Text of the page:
Thousands of Rohingya refugees stranded near Bangladesh-Myanmar border

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Thousands more Rohingya refugees have fled Myanmar into Bangladesh as a United Nations food agency reportedly withdrew a critical report highlighting the desperate hunger of the Muslim minority.

More than 580,000 refugees have arrived in Bangladesh since August 25, when Myanmar security forces began a scorched-earth campaign against Rohingya villages.

"We are gravely concerned about humanitarian conditions in Bangladesh, where thousands of new arrivals are stranded near the border", UNHCR spokesman Andrej Mahecic told a Geneva news briefing. "They are waiting for permission to move away from the border, where the sound of gunfire continues to be heard every night from the Myanmar side".

Hundreds of thousands of Rohingya have fled Myanmar since August 25, when the military launched a crackdown decried by the United Nations as "ethnic cleansing". The refugees have described widespread and indiscriminate violence and arson.

"It is time for the worldwide community to move beyond public outcry and take action to end the campaign of violence that has driven more than half the Rohingya population out of Myanmar", Amnesty said.

U.N. High Commissioner for Human Rights Zeid Ra'ad al-Hussein has called the situation "a textbook example of ethnic cleansing", but he has not used the word genocide. "Rohingya children have already endured atrocities".

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Based on interviews with more than 120 fleeing Rohingya, Amnesty International said at least hundreds of people were killed by security forces who surrounded villages, shot fleeing inhabitants and then set buildings alight, burning to death the elderly, sick and disabled who were unable to flee.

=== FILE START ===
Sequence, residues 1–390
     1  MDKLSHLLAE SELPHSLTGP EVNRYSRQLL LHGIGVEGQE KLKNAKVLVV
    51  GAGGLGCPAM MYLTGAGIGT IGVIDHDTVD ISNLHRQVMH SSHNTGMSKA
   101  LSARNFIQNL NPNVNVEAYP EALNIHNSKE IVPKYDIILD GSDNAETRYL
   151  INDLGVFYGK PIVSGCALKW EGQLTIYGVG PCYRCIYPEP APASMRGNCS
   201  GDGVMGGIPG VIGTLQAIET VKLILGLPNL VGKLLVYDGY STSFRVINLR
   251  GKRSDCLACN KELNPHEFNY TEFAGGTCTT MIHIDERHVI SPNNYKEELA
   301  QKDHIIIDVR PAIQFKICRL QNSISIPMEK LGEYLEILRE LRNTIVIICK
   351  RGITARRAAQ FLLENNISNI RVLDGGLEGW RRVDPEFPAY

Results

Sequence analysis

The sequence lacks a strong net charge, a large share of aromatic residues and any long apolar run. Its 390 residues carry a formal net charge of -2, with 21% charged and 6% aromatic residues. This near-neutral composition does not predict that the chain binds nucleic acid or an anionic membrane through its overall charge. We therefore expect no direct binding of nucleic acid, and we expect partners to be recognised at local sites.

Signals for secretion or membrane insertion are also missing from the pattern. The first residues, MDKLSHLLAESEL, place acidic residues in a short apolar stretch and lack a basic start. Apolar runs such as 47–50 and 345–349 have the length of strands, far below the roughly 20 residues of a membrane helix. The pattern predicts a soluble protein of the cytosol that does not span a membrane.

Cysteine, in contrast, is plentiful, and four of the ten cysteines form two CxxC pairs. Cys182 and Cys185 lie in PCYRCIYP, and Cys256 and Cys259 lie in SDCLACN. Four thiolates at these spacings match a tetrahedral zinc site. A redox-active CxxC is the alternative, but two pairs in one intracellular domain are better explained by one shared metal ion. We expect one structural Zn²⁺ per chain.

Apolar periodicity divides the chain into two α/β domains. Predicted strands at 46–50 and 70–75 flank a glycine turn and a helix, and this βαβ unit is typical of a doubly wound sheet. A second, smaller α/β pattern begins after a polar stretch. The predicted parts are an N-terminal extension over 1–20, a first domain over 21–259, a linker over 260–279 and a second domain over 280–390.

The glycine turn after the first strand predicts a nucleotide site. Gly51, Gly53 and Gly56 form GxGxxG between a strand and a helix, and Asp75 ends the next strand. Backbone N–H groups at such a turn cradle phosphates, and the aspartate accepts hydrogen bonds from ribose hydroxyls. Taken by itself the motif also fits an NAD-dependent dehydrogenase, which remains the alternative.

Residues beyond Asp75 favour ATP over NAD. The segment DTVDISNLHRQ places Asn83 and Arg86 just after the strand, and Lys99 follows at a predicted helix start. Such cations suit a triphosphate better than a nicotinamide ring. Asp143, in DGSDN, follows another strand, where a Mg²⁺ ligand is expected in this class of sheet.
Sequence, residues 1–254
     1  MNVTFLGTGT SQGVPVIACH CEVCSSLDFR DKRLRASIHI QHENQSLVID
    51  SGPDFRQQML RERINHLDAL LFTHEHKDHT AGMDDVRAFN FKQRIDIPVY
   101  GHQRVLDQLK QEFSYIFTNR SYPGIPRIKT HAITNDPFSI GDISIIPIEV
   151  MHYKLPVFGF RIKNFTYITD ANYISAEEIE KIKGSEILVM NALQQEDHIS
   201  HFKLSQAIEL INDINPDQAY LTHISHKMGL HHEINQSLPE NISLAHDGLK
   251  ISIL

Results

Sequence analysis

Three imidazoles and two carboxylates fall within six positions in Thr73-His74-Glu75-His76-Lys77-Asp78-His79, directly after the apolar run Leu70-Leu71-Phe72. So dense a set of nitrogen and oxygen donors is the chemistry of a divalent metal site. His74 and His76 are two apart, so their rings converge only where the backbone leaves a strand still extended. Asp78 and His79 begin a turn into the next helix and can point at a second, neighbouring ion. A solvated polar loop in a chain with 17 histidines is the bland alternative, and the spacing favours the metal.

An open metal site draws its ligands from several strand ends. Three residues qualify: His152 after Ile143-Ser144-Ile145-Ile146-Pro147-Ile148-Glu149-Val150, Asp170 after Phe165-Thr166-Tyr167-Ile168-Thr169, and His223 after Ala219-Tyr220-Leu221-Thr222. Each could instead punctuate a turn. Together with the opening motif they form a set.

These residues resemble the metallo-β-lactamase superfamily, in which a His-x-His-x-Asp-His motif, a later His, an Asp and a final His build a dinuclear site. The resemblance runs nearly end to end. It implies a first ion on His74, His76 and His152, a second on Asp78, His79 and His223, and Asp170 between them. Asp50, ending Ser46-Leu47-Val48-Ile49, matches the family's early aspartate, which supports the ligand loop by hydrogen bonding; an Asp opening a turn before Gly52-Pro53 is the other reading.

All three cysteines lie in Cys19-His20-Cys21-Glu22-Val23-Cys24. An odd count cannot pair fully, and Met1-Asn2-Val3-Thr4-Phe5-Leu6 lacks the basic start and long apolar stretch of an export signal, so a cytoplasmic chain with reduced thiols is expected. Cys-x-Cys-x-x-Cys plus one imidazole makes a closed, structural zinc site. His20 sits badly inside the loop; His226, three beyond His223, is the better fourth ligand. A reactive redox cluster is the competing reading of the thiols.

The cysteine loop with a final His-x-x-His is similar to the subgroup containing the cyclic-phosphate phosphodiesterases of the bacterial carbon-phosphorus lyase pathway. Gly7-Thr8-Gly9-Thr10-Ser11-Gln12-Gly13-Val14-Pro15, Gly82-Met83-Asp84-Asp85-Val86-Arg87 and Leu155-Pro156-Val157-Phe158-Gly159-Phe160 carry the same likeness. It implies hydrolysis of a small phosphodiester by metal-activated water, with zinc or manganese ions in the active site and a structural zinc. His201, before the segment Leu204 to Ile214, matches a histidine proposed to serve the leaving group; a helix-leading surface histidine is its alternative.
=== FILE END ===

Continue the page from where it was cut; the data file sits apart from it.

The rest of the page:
The Arakan Rohingya Salvation Army (ARSA), a militant group, claimed responsibility for the attacks as well as for deadly smaller-scale raids on three border guard stations in October 2016.

"In this orchestrated campaign, Myanmar's security forces have brutally meted out revenge on the entire Rohingya population of Rakhine state, in an apparent attempt to permanently drive them out of the country", said Amnesty International Crisis Response Director Tirana Hassan. They have blamed ARSA insurgents for the violence.

The U.N. convention, passed in the wake of the Nazi holocaust, requires countries to act to prevent and punish genocide, which it defines as any of a number of acts committed with the "intent to destroy, in whole or in part" a national, ethnic, racial or religious group.

Reported byBenarNews, an RFA-affiliated online news service.